142 Fossil Fuel Companies Are Not On Track To Meet Climate Targets, Study Says

142 Fossil Fuel Companies Are Not On Track To Meet Climate Targets, Study Says - Carbon Herald
Credit: Steve Buissinne | Pixabay

Fossil fuel production is not slowing down despite the world’s efforts on moving towards a greener economy, as stated by research in Nature. The study named Evaluating fossil fuel companies’ alignment with 1.5 °C climate pathways tracked and showed the consistency of the top 142 fossil fuel companies against four scenarios towards achieving the 1.5 °C Paris Agreement target. It was fist published in the Conversation.

Three of the scenarios are IPCC shared socio-economic pathways (SSP1-1.9, SSP2-1.9 and SSP5-1.9) from 2014 and one is the International Energy Agency’s Net Zero Emissions pathway from 2020.

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The result state that more than 60% of the examined 142 oil, gas and coal companies, including three of the five Australian companies assessed were not on track to meet the climate target despite their announcements on net zero claims. 

Between 2014 and 2020, 64%, 63% and 70% of coal, oil and gas companies, respectively, produced more than their production budgets under the IPCC’s middle-of-the-road (SSP2-1.9) Paris Agreement-compliant scenario. The research also points out the troubling finding that if the 142 companies continue their average growth rate trends from 2010 to 2018, they would produce up to 68%, 42% and 53% more than their cumulative production budgets for coal, oil and gas, respectively, by 2050.

Credit: Allan Akins | Shutterstock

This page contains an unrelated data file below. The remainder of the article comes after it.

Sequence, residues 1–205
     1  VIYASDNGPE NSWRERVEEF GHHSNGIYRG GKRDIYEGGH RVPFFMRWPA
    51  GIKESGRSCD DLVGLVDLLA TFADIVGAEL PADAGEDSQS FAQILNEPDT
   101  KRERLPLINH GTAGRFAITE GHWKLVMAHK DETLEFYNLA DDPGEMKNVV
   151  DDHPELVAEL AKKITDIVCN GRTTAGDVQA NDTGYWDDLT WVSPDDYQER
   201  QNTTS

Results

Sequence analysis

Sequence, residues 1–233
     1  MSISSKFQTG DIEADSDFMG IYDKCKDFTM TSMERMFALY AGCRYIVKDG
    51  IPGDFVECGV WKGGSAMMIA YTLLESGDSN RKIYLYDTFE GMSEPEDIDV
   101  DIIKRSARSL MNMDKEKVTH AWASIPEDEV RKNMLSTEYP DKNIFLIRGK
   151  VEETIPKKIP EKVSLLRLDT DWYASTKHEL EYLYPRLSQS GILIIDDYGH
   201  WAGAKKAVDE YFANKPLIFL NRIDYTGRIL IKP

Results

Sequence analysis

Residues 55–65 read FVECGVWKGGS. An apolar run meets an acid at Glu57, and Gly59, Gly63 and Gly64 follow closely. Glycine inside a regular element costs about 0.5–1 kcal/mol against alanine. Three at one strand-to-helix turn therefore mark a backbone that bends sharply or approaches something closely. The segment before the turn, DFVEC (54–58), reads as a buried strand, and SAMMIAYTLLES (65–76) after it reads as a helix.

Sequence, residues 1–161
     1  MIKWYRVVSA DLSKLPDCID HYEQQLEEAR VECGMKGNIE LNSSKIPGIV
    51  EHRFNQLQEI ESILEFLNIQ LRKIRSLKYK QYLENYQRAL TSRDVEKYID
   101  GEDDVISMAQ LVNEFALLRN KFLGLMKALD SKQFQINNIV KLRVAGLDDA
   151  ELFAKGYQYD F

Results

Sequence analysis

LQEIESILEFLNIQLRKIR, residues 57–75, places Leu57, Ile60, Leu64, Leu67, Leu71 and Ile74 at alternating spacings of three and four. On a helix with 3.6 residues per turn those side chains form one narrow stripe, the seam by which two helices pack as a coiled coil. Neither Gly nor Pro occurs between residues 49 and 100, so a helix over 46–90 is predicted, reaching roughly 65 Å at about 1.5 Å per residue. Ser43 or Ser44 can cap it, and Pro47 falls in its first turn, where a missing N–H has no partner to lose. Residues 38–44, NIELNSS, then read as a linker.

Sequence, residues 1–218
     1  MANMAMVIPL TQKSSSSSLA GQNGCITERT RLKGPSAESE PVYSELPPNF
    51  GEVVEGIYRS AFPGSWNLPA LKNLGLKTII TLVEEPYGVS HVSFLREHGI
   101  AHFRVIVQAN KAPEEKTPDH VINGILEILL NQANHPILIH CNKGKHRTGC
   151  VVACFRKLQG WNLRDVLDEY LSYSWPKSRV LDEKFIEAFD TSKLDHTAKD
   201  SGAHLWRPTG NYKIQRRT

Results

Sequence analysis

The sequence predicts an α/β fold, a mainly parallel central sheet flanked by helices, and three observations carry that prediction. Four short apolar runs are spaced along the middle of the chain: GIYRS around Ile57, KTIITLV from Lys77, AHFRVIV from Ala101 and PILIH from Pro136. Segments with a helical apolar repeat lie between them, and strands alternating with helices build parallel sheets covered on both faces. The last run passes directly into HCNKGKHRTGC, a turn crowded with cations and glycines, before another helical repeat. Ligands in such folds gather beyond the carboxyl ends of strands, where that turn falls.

That means the companies are exacting and producing more fossil fuel products than what is consistent with meeting our climate goals and limiting global warming up to 1.5 °C. 

The research is based on the absolute fossil fuel production (as a proxy for embedded emissions) rather than carbon intensities associated with their use and includes coal which is commonly excluded in other papers. 

Rio Tinto and BHP are outlined as the two Australian companies to be on track. Some of the Australian companies that are not on track are Whitehaven Coal, Santos and Woodside as they exceeded their production budgets by 232% (Woodside coal), 28% (Santos oil) and 33% (Santos gas), and 39% (Woodside gas) since 2014.

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BHP is on track as it slowed down coal, oil and gas generation more than required between 2014 and 2020 under the middle-of-the-road 1.5°C scenario – it used 87% (coal), 85% (oil) and 92% (gas) of its production budgets. Rio Tinto is also reported to have entirely stopped its production of coal back in 2018.

Tracking fossil fuel production of companies is a good indicator measuring the actual validity of their net zero commitments and readiness to take responsibility for their contribution to climate change. The information can help investors make respective decisions and estimate future environmental risks regarding those companies. Governments can also integrate such information into corporate guidelines for climate action.

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